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“Voluntary Commitments” To The Six-Nation Nuclear Deal: Iran

Despite the havoc on the Iranian economy, U.N. officials have certified Tehran's compliance with the nuclear deal.

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Iran
In this photo released by the official website of the office of the Iranian Presidency, President Hassan Rouhani speaks during a ceremony commemorating "National Day of Nuclear Technology," in Tehran, Iran, April 9, 2019. VOA

Iran is giving up some “voluntary commitments” to the six-nation nuclear deal, but is not pulling out of the deal, Foreign Minister Mohammad Zarif says.

Iranian state media quote Zarif as saying Iran is making the move because “the European Union and others … did not have the power to resist U.S. pressure.”

Zarif did not specify what he means.

But a newspaper tied to the hardline Revolutionary Guard says Wednesday’s announcement would “ignite the matchstick for burning the deal.”

U.S.
The U.S. announced last week it would no longer waive sanctions against countries that buy Iranian oil — another blow to Iran. VOA

President Hassan Rouhani will send letters to Britain, China, France, Germany, and Russia outlining exactly which parts of the deal he is abandoning.

Breaches Nuclear Deal, French Official Says

He also plans to make a speech Wednesday.

His remarks will come exactly one year after President Donald Trump pulled the U.S. out of the agreement, calling it one of the worst deals ever put together.

A French official cautions Iran against making any moves that would compel Europe and others to reimpose sanctions.

“Depending on what is in the statement from Tehran, at this stage what we’re expecting is a collective European reaction. But as we do not yet know exactly what will be in it, we are preparing for different eventualities,” the official said Tuesday.

The U.S. reimposed sanctions on Iran when Trump tore up the deal. The sanctions have had a devastating effect on what was already a weak Iranian economy. The sanctions relief from the five other signatories has brought little help.

U.S.
Iranian state media quote Zarif as saying Iran is making the move because “the European Union and others … did not have the power to resist U.S. pressure.” VOA

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Despite the havoc on the Iranian economy, U.N. officials have certified Tehran’s compliance with the nuclear deal.

But Iranian newspapers have reported the country could revive some of the nuclear activities it halted under the agreement. (VOA)

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Businesses in Vietnam Face Cash Shortage: Study

Cash Shortage Hurts Investment in Vietnam

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Vietnam Booming Economy
A woman sells vegetables at an outdoor market in Hanoi, Vietnam. VOA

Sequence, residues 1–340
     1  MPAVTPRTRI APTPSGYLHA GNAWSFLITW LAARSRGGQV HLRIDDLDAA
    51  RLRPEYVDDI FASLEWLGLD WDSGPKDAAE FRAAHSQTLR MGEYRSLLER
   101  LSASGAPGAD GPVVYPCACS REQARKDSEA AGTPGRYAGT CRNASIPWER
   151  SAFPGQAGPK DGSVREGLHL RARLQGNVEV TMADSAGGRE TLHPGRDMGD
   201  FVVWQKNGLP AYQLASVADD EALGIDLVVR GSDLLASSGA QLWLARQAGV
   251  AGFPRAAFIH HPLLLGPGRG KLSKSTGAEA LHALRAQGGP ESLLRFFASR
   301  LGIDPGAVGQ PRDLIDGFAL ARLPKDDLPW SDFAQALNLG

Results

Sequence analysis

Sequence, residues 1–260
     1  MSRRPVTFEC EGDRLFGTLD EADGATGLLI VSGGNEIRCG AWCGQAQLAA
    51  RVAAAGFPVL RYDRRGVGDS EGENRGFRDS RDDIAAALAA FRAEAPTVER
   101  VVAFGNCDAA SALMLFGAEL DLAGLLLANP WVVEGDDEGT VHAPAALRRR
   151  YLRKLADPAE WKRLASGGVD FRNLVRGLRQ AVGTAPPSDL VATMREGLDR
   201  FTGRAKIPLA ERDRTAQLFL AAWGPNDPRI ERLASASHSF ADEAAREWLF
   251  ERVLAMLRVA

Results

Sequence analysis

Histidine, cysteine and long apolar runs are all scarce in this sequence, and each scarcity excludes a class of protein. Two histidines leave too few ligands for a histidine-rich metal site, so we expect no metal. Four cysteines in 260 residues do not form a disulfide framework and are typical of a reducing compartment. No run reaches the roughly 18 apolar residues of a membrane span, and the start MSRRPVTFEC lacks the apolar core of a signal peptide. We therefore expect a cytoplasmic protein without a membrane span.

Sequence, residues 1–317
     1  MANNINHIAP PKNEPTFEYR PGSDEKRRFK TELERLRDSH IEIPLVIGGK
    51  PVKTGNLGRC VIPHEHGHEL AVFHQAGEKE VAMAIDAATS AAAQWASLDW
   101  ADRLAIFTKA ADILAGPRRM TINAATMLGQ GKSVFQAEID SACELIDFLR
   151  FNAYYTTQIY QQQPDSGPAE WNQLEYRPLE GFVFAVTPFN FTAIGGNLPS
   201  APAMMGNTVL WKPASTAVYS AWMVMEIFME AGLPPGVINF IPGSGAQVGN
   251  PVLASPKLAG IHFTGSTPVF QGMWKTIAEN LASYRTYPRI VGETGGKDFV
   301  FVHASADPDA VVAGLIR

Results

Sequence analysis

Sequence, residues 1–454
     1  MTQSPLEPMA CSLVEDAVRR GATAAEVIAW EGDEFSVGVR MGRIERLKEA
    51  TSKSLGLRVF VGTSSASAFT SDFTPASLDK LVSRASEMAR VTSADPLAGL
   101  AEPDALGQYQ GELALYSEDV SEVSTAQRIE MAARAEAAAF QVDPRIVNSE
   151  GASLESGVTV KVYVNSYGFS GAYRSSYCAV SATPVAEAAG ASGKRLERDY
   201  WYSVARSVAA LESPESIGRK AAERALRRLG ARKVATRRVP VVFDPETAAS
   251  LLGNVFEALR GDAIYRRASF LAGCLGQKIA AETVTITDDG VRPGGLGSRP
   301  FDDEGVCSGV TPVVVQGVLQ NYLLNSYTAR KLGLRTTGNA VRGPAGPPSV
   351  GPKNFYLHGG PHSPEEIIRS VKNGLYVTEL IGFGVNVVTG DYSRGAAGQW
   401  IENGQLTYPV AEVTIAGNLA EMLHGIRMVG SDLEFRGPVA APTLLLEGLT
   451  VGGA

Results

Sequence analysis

Businesses in Vietnam face a cash shortage that is preventing as much as $24 billion that could be invested in the nation’s $250 billion economy, according to a study by PwC Vietnam.

The financial services company analyzed the 500 businesses in Vietnam with the highest revenue that have been listed on both the Ho Chi Minh City Stock Exchange and the Hanoi Stock Exchange for the last four years or more. PwC Vietnam analysts said that those companies’ “cash conversion cycle” has increased, meaning that they have to wait longer from the start of the business cycle, when they first make their investments, until those investments start to pay off in the form of revenue.

“We continue to see cash flows being sacrificed to attain top line targets in Vietnam, which is not sustainable for businesses in the long run,” said Mohammad Mudasser, who leads the working capital management practice at PwC Vietnam. “Managing operating working capital is a cross-functional responsibility,” he added.

Top line refers to revenue, while bottom line refers to profit.

Vietnam economy
Due to lesser investments in businesses, startups are not growing in Vietnam. VOA

To sacrifice cash for the sake of revenue targets usually means that companies are willing to make an initial cash investment, often to buy inventory that can be sold for revenue. However the long cash conversion cycle suggests that there are some inefficiencies along the way, such as longer wait times between billing a customer and actually collecting the payment.

While there is no perfect business cycle, the PwC Vietnam study suggests companies in Vietnam could tackle some inefficiencies to unlock further potential in the already fast growing economy.

In 2018 Vietnam had one of the highest cash conversion cycles in Asia, at 67 days, which is an increase of two days compared with 2017, according to PwC Vietnam. That compares with an average in Asia of 58 days, and in particular 64 days in neighboring Thailand and 54 in Malaysia. That means those other Southeast Asian countries are able to turn their investments into cash sooner than Vietnam does.

“The fast-growing companies had significantly higher short term debt growth, indicating risks to the sustainable growth of these companies,” PwC Vietnam, a consulting company that sells tax and accounting services, said in a press release.

If the U.S. Federal Reserve Bank increases interest rates in the coming year, as some economists are expecting, emerging markets, such as Vietnam, could follow. That would increase borrowing costs for companies, increasing their vulnerability to debt.

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However it estimated that only a fraction of that capital could be released, $11 billion, because some of the capital has to stay in the business cycle. Analysts said inventory and outstanding invoices, known as accounts receivable, where the best bet for improving efficiency. That could mean that too much inventory is being held, or that companies are waiting too long to be paid by customers. (VOA)